The History Department is always looking forward (forgive the paradox) and wanted to hit the ground running this term. Hence, before the first week of the Summer Term had ended, Year 7 enjoyed a guided tour around medieval Bakewell.
It was marvelous for the children to get out of school and explore the history all around us. Nothing is more inspiring than to physically touch the past and our pupils revelled in the physical reminders of the medieval age that are dotted about our little market town. After a picnic lunch in the sun, our budding history detectives began their studies!
The Old House Museum guides helped them explore a different world and the pupils were given an insight into Bakewell church, the bridge, the castle, the town hall and much more. It was wonderful to imagine the tradesmen entering Bakewell across the packhorse bridge with their low-slung sacks of woolen cloth whilst the knights up at the castle oversaw their movements. The children were challenged to unpick the messages left on ancient Anglo-Saxon and Norman gravestones and monoliths in the churchyard and they stood where the old market had first been held in the 13th century. The guides were full of stories and information that brought this wildly different time to life. Steadily the children built a picture of a society that was vibrant but physical and sometimes very brutal.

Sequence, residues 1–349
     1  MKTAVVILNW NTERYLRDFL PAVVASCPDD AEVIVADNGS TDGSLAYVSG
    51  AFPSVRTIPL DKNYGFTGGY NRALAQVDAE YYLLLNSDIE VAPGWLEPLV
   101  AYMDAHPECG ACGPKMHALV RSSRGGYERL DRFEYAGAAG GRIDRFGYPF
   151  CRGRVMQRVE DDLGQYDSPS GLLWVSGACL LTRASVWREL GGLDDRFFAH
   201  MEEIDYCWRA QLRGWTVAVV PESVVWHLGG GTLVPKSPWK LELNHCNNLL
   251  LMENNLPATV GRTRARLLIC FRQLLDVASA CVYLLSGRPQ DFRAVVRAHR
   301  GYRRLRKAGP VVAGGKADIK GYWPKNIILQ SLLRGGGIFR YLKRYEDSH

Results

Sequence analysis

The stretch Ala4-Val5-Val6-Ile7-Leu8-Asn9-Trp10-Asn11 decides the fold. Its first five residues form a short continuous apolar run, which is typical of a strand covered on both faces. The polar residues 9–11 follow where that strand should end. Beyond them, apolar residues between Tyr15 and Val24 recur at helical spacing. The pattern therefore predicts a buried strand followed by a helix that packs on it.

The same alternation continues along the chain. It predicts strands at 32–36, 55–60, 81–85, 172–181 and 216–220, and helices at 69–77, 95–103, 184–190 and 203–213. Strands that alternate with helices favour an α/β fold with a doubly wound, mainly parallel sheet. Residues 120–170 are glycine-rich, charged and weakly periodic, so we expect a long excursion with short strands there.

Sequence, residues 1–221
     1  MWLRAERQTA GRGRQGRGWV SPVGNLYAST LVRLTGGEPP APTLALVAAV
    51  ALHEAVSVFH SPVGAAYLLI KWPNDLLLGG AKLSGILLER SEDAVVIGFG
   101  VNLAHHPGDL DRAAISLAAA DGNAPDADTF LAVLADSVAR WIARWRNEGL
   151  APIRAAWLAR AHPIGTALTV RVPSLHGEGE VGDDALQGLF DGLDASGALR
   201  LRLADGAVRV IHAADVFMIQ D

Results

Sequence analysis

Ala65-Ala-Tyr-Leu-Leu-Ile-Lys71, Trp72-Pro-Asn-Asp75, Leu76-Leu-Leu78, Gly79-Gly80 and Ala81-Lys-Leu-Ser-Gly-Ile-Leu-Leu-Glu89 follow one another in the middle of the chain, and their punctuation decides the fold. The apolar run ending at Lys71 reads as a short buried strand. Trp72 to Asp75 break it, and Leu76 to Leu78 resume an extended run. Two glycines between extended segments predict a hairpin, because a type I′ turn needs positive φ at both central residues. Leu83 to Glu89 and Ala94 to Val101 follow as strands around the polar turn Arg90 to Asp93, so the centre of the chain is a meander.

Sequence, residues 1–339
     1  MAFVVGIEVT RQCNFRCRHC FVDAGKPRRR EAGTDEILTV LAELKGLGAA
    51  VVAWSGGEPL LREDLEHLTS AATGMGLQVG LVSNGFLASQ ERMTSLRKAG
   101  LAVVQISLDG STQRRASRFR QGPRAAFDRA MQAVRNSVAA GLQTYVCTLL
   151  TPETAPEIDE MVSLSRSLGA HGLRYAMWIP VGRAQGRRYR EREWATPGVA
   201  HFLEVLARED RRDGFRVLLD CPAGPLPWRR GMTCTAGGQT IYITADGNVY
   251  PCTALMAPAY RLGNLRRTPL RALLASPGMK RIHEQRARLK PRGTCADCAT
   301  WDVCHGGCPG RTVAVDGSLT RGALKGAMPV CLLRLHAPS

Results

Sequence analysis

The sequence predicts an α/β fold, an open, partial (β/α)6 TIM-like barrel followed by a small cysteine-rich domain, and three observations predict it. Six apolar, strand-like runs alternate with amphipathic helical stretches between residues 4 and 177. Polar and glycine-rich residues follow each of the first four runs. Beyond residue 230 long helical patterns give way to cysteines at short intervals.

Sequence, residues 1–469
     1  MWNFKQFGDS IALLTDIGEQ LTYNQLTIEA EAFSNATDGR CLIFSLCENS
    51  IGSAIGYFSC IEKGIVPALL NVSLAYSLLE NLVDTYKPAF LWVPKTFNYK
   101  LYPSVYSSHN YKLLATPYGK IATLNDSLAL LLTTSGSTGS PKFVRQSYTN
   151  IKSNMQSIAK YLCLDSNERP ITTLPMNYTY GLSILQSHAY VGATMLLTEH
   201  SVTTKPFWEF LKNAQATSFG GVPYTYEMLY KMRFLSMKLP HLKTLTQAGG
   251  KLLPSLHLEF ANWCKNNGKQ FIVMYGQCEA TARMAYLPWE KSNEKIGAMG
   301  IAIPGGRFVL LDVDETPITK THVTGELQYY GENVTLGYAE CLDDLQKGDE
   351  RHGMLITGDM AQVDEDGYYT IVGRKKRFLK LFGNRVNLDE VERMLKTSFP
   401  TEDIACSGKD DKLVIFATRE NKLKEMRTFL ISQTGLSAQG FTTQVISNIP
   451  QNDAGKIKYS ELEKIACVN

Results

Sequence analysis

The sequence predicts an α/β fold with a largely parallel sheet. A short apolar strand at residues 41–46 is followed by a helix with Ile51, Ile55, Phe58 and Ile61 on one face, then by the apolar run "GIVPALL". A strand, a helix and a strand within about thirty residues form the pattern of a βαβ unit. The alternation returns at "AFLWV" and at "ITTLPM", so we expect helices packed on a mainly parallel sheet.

Did you know that the thuggish Coterel brothers once kidnapped a priest from Bakewell church? Did you know that the sarcophagi at the church have holes in them to let out the gas of decomposing bodies, to ensure the graves did not explode? Did you know that Bakewell is listed in the Domesday Book of 1085 as, “Badequella” meaning “bath-springs” and that, at one point, there were at least twelve springs, some of which were tepid? These springs allowed Bakewell to nurture crops and grass for a long growing season and thus sustain the population. However, did you also know that to live beyond forty years of age in the medieval period was a rarity and thus it is believed around ten-thousand people have been buried in Bakewell’s churchyard? Did you also know that you can see the carved image of a woman dressed in a “Scold’s Bridal” underneath one of the seats in the chancel of Bakewell church?
These and many other grisly and illuminating facts were related to our children by the wonderful guides, who ensured they were entertained and educated in equal measure!